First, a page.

“Yeah, but that’s not a real language. It doesn’t count.” “What do you mean they have a culture?” “Wait, so he can’t hear anything at all? How sad!” “Ohhh, tell him I said…” If I had a dollar for every time I heard any of those statements, I don’t think I’d worry much about paying off my school tuition. I’ve heard it all; from family members, coworkers, bosses and friends, to people I’ve just met. For some reason no one can pinpoint, there’s a stigma attached to Deafness. Hearing people tend to shy away from the Deaf world, keeping it at an arm’s length, yet at the same time they are fascinated by Deafness.
I have yet to come across a single hearing person who doesn’t openly gape at Deaf people painting incredible stories through the air with their hands, evoking emotions from their audience with their facial expressions, and captivating them with their body movements. I’ve seen the moment of understanding light up a person’s face as I explain the rich history, culture, language, and oppression that is woven into the fabric of the Deaf world. I’ve seen the walls of ignorance crumble as they realize that sign language is a true language with linguistic validity, and customs that are passed down through generations, along with community, values, and a mutual understanding through language, are what make a culture.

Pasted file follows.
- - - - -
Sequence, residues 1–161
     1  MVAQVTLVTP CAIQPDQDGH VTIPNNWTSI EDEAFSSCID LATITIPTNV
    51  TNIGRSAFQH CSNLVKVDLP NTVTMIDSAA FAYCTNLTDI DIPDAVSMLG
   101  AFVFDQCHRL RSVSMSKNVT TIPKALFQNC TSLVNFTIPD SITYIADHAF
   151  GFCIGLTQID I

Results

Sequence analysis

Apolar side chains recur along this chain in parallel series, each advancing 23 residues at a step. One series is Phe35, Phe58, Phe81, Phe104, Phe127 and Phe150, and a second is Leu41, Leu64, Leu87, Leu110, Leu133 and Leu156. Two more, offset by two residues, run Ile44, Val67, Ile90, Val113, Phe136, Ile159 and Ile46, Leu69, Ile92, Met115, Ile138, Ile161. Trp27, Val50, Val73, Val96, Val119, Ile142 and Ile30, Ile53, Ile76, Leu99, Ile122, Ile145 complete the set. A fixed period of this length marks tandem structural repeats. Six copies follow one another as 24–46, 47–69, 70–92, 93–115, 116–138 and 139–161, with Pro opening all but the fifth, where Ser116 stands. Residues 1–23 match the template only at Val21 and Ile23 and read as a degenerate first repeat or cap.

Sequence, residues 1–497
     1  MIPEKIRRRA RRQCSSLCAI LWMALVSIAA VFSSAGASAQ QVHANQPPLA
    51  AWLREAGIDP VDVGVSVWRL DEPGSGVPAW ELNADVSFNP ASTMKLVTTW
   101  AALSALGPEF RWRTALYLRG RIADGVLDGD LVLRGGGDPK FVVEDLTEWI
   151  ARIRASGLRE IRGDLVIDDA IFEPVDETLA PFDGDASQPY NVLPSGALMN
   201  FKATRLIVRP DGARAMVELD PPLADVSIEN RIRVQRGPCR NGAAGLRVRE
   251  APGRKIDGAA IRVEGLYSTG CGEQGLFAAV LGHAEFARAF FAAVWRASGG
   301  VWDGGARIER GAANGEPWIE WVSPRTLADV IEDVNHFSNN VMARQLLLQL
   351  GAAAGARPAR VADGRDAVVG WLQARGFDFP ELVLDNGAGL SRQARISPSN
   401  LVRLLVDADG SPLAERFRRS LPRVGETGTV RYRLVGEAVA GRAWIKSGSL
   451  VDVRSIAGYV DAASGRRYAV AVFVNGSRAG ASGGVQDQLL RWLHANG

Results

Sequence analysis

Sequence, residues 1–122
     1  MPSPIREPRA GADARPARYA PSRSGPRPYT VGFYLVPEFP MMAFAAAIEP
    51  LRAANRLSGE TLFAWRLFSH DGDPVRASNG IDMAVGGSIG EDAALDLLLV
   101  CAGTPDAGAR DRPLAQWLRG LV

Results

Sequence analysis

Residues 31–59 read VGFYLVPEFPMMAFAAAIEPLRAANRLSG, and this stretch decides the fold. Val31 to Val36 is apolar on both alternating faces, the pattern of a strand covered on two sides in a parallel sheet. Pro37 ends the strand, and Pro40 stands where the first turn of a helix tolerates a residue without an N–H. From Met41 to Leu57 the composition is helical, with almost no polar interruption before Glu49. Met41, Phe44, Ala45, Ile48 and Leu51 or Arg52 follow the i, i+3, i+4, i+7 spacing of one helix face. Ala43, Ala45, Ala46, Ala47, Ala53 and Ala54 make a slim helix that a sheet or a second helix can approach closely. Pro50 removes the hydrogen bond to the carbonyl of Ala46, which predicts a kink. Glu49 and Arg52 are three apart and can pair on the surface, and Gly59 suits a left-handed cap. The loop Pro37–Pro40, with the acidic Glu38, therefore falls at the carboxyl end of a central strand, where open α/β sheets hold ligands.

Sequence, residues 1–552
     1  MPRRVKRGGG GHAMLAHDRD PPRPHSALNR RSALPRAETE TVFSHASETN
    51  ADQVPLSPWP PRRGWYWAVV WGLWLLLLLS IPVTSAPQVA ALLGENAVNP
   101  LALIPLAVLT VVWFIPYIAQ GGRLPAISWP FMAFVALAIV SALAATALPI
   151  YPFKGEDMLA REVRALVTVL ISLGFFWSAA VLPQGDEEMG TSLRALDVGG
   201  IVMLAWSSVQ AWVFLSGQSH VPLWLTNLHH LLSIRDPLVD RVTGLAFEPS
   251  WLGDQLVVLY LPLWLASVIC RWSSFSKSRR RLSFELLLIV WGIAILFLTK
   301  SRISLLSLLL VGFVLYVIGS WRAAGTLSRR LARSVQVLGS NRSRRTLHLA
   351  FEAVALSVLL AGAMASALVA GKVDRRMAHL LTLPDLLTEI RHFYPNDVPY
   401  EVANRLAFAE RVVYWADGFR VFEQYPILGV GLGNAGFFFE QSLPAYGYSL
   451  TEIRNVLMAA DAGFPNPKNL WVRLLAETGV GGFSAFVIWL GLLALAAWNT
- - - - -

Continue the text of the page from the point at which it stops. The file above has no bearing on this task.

What hearing people need to realize is that differences between the two worlds shouldn’t be a reason to maintain distance, but an invitation to explore them. And once that happens, I look forward to seeing those individuals struggle to cover up their baffled expressions and inevitable smiles as they realize that after years of fighting through oppression, ignorance, and to be honest, downright absurdity, the Deaf community is anything but silent.
This blog post represents the opinion of the author and not necessarily the views supported by The Deaf Dream.